|Ramchal Da'at Tevunot Text IV|
|Written by Rabbi Avrham Brandwein|
This is the meaning of believing that Hashem is mashgiach (oversees and supervises) everything. Because, to the best of our understanding, Hashem Yitbarach is the Ultimate Good, and His desire is to bestow the Ultimate Good on us,
which, as Ramchal explains in Derech Hashem, is the reward of being able to attach ourselves to Him based on our own efforts.
Therefore, even those things that happen to us that do not seem to be for our benefit, still, we are commanded to believe that these things also come from Him.
The problem is, and this is what bothers the Neshamah, besides believing in this, she wants to understand.
So the Sechel asks: What exactly is difficult for you to understand about this?
The Neshamah now articulates her problem: [I am bothered by] certain powerful events that take place in the world [and which cause great changes in the world], which seem at first sight to indicate the opposite of (or a complete absence of) Hashgachah (Divine Providence), God forbid. [The problem is that] it is almost impossible to logically understand such events because we cannot see where they lead to. [The total concealment that characterizes these events prevents us from understanding] what Hashem wants from His creations. To what end is He directing things? What will the final unfolding be? For Hashem's actions are so vast that the human mind cannot comprehend them. I would therefore like you to teach me and guide me on a straight path, to see the rightness of these things, without deviating to the right or left.
First of all it is important to be aware of a very important principle. The questions that the Neshamah asks are not questions of curiosity, or academic or philosophical questions. Concerning questions like these, the Mishnah in Chapter Two of Chagigah has already taught us: Whoever contemplates the following things - it would have been better had he not been born: What is above, what is below, what was before, and what will be after.
This refers to a person who wants to probe what reality was like before Hashem created the world, or what will be in the end of days, the final generations, what will happen then... These are not practical questions. The Neshamah, on the other hand, wants to know about those things that have a bearing on her, so that she will be able to serve Hashem better. This is consistent with what we saw at the beginning, "Know today and bring [this knowledge] into your heart that Havayah is the Supreme Being." It is for this reason that the Neshamah does not ask about Hashem's Unity, His Eternity. Rather, she asks about things that human beings have trouble understanding about their own lives, namely, the things that seem to indicate the opposite of Hashgachah, the absence of Hashgachah.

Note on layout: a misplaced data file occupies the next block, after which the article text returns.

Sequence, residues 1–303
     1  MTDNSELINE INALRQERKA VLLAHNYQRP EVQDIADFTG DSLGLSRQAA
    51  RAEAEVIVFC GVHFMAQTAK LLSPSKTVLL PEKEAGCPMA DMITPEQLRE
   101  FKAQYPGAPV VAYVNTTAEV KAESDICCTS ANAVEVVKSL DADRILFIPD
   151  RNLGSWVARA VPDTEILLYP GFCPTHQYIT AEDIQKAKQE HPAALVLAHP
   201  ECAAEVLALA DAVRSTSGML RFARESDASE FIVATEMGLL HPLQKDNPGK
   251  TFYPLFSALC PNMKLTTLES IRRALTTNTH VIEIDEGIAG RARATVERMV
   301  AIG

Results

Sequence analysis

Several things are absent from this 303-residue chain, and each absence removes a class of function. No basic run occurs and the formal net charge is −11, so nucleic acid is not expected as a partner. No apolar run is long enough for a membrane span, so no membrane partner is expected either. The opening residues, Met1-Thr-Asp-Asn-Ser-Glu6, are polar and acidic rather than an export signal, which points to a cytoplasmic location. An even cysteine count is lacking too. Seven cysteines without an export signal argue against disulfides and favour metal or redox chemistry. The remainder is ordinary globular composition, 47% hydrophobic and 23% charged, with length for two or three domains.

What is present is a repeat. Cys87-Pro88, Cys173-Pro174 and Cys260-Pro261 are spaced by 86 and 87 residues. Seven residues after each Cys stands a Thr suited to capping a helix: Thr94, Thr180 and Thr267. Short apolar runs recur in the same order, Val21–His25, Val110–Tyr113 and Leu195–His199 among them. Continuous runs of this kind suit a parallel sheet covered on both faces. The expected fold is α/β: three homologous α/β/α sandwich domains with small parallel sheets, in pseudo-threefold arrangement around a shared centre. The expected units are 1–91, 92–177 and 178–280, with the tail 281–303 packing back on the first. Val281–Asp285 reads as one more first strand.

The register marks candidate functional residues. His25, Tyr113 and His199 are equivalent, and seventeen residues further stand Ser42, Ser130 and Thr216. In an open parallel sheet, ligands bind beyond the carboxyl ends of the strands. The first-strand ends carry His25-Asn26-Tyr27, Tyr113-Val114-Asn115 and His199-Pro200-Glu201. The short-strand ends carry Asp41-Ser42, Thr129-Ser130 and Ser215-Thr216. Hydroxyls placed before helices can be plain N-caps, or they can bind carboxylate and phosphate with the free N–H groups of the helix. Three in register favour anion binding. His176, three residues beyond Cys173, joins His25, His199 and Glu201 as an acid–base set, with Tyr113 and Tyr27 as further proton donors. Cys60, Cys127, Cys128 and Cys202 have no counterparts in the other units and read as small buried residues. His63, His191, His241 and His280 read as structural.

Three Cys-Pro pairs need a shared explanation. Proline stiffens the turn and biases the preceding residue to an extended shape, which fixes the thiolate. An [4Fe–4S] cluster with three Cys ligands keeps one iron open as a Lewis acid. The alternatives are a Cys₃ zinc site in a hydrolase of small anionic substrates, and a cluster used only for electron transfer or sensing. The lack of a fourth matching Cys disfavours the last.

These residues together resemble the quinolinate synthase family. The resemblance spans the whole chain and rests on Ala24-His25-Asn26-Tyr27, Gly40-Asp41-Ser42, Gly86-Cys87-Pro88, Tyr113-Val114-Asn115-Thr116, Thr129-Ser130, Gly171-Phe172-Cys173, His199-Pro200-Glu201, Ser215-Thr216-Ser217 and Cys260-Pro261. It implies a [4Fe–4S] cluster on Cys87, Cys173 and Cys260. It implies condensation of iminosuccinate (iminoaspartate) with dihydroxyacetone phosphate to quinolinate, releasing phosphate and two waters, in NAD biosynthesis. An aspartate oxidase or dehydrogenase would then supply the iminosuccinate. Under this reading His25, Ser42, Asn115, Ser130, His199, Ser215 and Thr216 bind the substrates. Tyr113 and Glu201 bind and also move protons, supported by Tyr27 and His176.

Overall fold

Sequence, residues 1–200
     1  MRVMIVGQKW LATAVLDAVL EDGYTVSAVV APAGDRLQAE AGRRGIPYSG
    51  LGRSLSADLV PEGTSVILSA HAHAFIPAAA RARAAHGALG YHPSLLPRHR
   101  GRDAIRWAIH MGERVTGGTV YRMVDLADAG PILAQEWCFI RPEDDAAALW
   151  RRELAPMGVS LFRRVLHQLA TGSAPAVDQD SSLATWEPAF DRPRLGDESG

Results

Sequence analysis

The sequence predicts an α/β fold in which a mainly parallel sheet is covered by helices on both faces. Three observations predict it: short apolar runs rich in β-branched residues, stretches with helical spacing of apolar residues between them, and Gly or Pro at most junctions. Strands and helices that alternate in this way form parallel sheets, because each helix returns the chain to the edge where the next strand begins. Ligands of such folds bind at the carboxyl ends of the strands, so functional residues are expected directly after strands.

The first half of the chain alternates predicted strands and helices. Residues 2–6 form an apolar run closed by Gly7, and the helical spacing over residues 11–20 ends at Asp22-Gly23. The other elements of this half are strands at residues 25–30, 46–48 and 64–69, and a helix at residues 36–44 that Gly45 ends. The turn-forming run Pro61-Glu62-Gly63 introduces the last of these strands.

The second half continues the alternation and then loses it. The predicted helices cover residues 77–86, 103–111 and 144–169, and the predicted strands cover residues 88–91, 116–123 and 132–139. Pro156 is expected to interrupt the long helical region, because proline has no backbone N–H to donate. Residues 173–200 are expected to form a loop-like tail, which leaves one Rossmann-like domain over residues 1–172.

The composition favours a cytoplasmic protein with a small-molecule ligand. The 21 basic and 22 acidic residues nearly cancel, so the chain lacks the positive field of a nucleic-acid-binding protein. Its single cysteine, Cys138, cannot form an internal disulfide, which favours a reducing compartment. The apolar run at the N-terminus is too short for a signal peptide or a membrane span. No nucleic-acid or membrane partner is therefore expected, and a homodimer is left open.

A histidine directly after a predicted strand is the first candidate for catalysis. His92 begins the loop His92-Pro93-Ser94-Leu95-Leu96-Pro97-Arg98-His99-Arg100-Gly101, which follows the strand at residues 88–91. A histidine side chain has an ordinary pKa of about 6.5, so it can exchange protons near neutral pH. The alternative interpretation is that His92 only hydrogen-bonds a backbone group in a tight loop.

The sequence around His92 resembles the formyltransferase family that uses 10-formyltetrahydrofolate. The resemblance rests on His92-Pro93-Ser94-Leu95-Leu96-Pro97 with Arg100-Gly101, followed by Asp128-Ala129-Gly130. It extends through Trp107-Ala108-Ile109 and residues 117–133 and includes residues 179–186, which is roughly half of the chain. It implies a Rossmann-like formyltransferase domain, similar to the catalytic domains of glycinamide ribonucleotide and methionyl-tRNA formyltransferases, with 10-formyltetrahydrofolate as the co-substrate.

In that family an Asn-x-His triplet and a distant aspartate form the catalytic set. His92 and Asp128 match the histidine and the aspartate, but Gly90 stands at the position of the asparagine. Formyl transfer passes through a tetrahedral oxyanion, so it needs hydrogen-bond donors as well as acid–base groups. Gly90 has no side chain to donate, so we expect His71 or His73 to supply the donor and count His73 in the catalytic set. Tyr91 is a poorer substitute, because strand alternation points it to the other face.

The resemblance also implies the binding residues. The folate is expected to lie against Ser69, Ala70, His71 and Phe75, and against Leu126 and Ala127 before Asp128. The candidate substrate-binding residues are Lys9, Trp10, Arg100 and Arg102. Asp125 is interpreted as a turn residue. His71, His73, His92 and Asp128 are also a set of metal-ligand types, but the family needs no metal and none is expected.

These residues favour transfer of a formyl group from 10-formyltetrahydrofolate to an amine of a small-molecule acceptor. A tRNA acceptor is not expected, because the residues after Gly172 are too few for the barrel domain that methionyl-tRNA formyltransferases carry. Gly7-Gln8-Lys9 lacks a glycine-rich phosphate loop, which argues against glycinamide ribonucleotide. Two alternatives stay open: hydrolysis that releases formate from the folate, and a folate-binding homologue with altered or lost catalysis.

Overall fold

What is the opposite of Hashgachah? It is known that when we speak about Hashem, we understand that He is utterly Good and wishes to make that Goodness accessible to us. And this is how we should conceive of Him, that He is HaTov VeHaMetiv, utterly Good and Giving. Still, there are certain experiences that seem to contradict this. For instance, as we shall see, the problem of the suffering of the righteous, and the success of the wicked. Each and every individual is bothered by and grapples with these things in one way or another. Sometimes we feel that Hashem is with us, allowing us to transcend our circumstances. At other times, all seems so dark. Hashem's Presence is greatly concealed. In other words, sometimes we experience aliyot (ascents) and at other times, yeridot (descents).
Therefore, in order to really come to the clear Knowledge of Havayah Hu HaElokim, we have to know that Havayah, Hashem's Compassion, His Goodness also determines everything that happens in our lives, that Havayah Hu HaElokim. Even Elokim, and Elokim alludes to the powers of Nature, and in Nature we see that things do not always seem to fit our concept of Hashem's running the world for our benefit... Even Elokim.
It is about this that the Neshamah asks. Why? Because her whole ability to serve Hashem depends on her making peace with these things. These are therefore not only philosophical or theoretical questions, but questions of practical concern. Therefore the whole difference between true Torah and philosophical speculation is that Torah concerns itself with the service of the heart. We thus see that the answers that were given by the Prophets and all the great Leaders of Israel, were not answers of what seemed most correct, but answers that they had already lived through and with, meaning to say, they grasped them in actuality, as the verse itself tells us, "And bring this knowledge into your heart." Therefore, they did not just give us good guesses or nice theories, or what seemed right to them.